It is worth noting that your second harvest from these roots is not going to look the same as the first. The lettuce leaves will take on a loose look rather than forming the shape of the head.
Whilst it is possible to pull the lettuce plant directly from the ground before trimming the roots, there is a risk that the structure of the surrounding soil may get damaged during the process. You may also disrupt the growth of the other lettuces that are close to the ones that you are harvesting.
Pulling the entire romaine lettuce head out of the ground is recommended for those who do not want to have a second harvest. Whilst you will need to be firm, for the reasons we have mentioned above, you will still need to be careful.
After harvesting your lettuce, you can bring it indoors and wash it before breaking each leaf away from the head. If you do not remove the leaves but instead choose to leave the lettuce intact, it can last for between one and three weeks.
Note– If you want to make your green fingers happier and your life easier, you can use this affordable 83 pieces ultimate gardening set to help you garden like a pro!
How To Harvest The Outer Leaves Of A Romaine Lettuce
If you do not want to harvest the entire lettuce, you can harvest the outer leaves instead.
It is recommended that you pick the leaves in the morning as this is when it is going to be the freshest and they are not going to be wilted or dried out from exposure to the sun.
Mature romaine lettuce can have leaves that are up to 8” tall. You can harvest romaine lettuce leaves at any point so long as they are a few inches tall. You can either pick the leaves by hand or you can use some scissors.
Picking individual leaves is recommended for those who want to keep their plant growing because the central stem is going to remain intact.
Firmly grasp the base of the lettuce leaf before twisting it sharply. You should then feel the stem snap away from the base of the lettuce. Do not try to pull the leaves upwards because there is a chance that you may pull the entire plant out of the soil.
Once you have picked the leaves you can wash them to remove any dirt. They can then be stored inside your refrigerator where they are expected to last for several days before starting to wilt.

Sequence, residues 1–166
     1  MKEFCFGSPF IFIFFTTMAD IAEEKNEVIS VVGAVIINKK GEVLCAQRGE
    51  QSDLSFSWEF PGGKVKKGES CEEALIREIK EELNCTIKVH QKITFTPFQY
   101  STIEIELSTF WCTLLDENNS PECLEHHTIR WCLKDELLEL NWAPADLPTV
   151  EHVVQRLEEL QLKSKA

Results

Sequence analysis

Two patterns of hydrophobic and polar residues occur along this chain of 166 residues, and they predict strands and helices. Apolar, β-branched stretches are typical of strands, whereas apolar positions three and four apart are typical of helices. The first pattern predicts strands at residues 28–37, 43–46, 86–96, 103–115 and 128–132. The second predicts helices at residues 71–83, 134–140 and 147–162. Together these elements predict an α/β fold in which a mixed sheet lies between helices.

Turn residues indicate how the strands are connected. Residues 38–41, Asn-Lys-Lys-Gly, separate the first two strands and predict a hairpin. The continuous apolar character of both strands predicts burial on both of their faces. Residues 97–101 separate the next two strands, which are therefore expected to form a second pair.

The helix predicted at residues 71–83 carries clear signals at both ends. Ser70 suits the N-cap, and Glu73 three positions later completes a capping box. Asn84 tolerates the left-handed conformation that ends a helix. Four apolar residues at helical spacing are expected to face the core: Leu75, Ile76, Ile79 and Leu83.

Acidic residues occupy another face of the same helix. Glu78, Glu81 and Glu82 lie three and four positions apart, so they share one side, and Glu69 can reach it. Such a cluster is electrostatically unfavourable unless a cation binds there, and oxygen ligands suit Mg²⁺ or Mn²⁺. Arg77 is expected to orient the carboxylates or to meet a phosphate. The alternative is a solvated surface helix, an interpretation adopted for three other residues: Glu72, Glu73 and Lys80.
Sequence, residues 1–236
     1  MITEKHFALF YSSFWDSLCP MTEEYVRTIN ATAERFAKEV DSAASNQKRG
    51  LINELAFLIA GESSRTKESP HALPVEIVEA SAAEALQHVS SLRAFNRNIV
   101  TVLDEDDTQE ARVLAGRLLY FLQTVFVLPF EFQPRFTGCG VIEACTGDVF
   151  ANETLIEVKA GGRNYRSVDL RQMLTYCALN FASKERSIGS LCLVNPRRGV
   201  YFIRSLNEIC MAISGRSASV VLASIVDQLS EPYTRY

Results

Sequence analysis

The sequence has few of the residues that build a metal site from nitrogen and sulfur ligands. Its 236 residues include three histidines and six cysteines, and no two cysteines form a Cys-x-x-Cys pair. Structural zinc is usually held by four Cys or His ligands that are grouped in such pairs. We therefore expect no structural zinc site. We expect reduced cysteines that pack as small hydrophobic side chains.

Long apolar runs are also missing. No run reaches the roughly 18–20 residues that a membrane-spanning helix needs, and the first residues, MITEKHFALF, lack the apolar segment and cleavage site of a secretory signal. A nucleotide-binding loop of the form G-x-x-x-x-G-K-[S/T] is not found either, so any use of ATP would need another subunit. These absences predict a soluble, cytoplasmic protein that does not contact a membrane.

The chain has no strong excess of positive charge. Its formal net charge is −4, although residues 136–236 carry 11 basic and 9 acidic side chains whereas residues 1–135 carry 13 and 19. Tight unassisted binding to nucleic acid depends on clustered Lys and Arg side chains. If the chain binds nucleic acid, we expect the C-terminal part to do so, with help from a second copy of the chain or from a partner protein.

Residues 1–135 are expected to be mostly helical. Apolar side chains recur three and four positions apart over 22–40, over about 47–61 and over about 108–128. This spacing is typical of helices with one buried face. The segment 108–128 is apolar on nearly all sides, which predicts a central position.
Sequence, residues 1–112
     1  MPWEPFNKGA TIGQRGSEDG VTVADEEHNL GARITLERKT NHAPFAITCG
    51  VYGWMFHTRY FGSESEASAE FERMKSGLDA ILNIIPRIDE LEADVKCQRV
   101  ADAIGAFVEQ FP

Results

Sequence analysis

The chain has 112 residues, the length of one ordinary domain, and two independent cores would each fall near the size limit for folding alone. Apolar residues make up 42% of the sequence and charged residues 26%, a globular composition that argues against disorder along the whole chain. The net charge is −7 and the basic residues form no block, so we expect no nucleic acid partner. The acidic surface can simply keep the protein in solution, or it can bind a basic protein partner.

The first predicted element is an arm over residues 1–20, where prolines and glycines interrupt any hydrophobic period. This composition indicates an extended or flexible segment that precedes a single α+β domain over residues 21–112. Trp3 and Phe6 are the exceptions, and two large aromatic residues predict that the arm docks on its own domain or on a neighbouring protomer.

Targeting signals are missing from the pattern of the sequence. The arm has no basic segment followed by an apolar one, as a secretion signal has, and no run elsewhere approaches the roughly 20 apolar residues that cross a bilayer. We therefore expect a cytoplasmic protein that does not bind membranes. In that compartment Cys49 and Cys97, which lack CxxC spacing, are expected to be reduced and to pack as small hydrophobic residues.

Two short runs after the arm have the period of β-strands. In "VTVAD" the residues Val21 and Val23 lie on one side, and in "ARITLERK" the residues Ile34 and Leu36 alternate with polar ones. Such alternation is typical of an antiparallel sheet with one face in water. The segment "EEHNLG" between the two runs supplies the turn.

Give the nutrients your plants need to increase the taste and quality of your lettuce by using high-quality organic compost!
By picking individual leaves you will get more harvests from your plant. In fact, if you select the most mature leaves each time you go to pick them, you are likely to get around 3 to 4 harvests from your lettuce.
It is worth noting that your first harvest is going to be the biggest as each harvest will get smaller.
When Romaine Plants Are Ready To Pick And When Is Romaine Lettuce Ready To Harvest?
The average harvest window for romaine lettuce is between 60 and 75 days following planting.
Instead of waiting for the harvest time and for the romaine lettuce to fully mature, you may start using the crisp leaves in your salads and sandwiches as soon as you see baby leaves sprouting.
Here are some tips as to when to harvest your lettuce crop
1. Harvest The Growing Romaine Lettuce Before Maturity
When the romaine lettuce is around 5 to 6 inches long, they fall under the baby lettuce leaves or mini head stage.
You may now begin to take use of some of the plant’s bright green leaves while allowing it to develop further. To achieve this, gather leaves from the plant’s exterior that is unharmed by rot or wilt by trimming them off around an inch from the stems.
Only a few of the outside leaves from each plant should be harvested, leaving the interior leaves to finish mature.
Although the leaves are smaller, you may grow numerous heads to have a steady supply of lettuce throughout the year.
2. Harvest The Entire Head At Full Maturity